Tuesday, October 6, 2009

Energy And Information

Site of the day: http://openwetware.org/

The Dance of Particles and Bits

In the 20th and 21st centuries, computer science and physics have teamed up to explore the enigmatic relationship between energy and information.

Both energy and information are among the most difficult concepts to understand because they are so fundamental to the nature of the universe. Everything described in physics ultimately comes down to energy. For example, most people know of Einstein's famous equation, mass times the square of the speed of light equals energy. Matter is energy.

In fact, matter is a stored form of energy. Matter is a combination of energy and information. On a quantum level, all particles can be described by bits of information. How the information is mapped to energy is dependent on the observer. The observer need not be human either, it could be a neighboring particle.

In recent decades several new theories have developed in parallel with the rise of computer science, such as emergence, and complexity theory. The most revolutionary of these is the idea that the universe, and all matter in it, are self-computing. In a closed system of two particles (they could be anything), the particles can interact through the four fundamental forces. How they interact depends on what kind of particles they are the forces that are available to them. Information and energy can be exchanged, and the two particles will quickly come to a state of equilibrium. Since particles follow a different set of rules than macroscopic objects like billiard balls, this equilibrium isn't a state of rest, but rather a pattern.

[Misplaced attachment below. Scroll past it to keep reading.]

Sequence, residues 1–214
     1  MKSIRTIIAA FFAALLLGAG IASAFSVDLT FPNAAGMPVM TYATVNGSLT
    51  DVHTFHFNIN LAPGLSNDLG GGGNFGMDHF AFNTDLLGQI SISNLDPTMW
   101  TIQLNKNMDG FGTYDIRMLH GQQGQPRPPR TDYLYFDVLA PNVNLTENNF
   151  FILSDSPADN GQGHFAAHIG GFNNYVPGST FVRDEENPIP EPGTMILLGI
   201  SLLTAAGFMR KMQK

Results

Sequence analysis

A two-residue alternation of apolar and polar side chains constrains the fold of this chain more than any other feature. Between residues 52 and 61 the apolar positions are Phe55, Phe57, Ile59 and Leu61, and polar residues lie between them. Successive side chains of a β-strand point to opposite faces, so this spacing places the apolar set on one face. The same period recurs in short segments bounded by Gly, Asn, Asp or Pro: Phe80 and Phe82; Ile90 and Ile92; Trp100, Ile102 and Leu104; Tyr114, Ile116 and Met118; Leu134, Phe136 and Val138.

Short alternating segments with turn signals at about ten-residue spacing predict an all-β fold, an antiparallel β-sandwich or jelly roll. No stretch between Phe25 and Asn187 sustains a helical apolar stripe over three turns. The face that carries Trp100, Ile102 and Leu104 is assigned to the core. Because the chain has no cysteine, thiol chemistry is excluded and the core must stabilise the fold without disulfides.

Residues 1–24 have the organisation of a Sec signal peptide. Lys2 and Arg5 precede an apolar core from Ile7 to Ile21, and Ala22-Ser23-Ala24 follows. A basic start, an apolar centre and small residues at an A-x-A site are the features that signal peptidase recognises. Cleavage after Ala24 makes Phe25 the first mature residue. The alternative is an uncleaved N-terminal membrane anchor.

This is illustrated to great effect with cellular automata, a simplified two-dimensional analog of particle systems. In a system of cellular automata, also known as the "Game of Life", there is a grid of cells. Each cell can be on or off, and the cells in the grid are given a set of rules to follow. For instance, if a cell is on, and three of it's neighboring cells are on, it must turn off. If a cell is off, and three of its neighbors are off, it must turn on. Information is exchanged between that cell and it's neighbors. Since all of the cells are constantly calculating how other cells are affecting them, the system will change rapidly, but it will usually settle into an oscillating pattern.

The same is true for systems of particles, though it is complicated by quantum uncertainty, and probabilities are important. Large systems of particles are best analyzed with statistics, though at the macroscopic scale the weirdness of quantum mechanics evens out and information systems are more predictable.

by Katharine M. J. Osborne (http://physics.suite101.com/article.cfm/energy_and_information)

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